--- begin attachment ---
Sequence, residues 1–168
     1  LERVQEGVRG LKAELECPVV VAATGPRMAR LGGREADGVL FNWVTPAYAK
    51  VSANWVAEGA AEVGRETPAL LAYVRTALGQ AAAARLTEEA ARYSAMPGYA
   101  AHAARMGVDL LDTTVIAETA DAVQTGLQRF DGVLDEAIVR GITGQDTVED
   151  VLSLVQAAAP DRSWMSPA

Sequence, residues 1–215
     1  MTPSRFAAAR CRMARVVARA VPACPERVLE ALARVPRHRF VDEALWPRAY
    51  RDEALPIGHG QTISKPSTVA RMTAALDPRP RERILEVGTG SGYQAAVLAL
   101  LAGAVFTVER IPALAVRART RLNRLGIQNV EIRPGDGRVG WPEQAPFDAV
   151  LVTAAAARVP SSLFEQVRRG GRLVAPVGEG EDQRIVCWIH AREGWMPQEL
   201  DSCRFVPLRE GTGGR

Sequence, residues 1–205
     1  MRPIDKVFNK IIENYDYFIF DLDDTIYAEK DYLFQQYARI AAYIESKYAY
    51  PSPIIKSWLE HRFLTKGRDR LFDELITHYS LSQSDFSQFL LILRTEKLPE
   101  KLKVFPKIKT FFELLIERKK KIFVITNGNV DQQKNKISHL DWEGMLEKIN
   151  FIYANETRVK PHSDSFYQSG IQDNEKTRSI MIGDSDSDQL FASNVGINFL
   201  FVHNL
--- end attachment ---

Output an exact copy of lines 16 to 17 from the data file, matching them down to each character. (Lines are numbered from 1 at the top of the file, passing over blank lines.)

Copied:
   151  FIYANETRVK PHSDSFYQSG IQDNEKTRSI MIGDSDSDQL FASNVGINFL
   201  FVHNL